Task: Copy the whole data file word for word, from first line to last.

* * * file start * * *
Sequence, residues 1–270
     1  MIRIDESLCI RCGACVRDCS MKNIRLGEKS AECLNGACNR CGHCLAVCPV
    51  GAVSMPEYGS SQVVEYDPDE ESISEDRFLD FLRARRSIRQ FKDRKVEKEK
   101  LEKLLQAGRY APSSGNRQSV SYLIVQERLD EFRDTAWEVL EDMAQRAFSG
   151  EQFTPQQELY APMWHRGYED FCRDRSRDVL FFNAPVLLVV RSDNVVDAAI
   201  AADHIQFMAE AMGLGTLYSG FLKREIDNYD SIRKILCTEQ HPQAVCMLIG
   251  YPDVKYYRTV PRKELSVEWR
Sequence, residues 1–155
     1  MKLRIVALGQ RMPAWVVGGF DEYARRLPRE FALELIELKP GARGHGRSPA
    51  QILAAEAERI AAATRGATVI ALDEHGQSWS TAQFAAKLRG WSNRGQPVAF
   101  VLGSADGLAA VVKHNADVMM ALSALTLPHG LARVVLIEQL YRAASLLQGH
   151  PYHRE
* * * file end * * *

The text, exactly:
Sequence, residues 1–270
     1  MIRIDESLCI RCGACVRDCS MKNIRLGEKS AECLNGACNR CGHCLAVCPV
    51  GAVSMPEYGS SQVVEYDPDE ESISEDRFLD FLRARRSIRQ FKDRKVEKEK
   101  LEKLLQAGRY APSSGNRQSV SYLIVQERLD EFRDTAWEVL EDMAQRAFSG
   151  EQFTPQQELY APMWHRGYED FCRDRSRDVL FFNAPVLLVV RSDNVVDAAI
   201  AADHIQFMAE AMGLGTLYSG FLKREIDNYD SIRKILCTEQ HPQAVCMLIG
   251  YPDVKYYRTV PRKELSVEWR
Sequence, residues 1–155
     1  MKLRIVALGQ RMPAWVVGGF DEYARRLPRE FALELIELKP GARGHGRSPA
    51  QILAAEAERI AAATRGATVI ALDEHGQSWS TAQFAAKLRG WSNRGQPVAF
   101  VLGSADGLAA VVKHNADVMM ALSALTLPHG LARVVLIEQL YRAASLLQGH
   151  PYHRE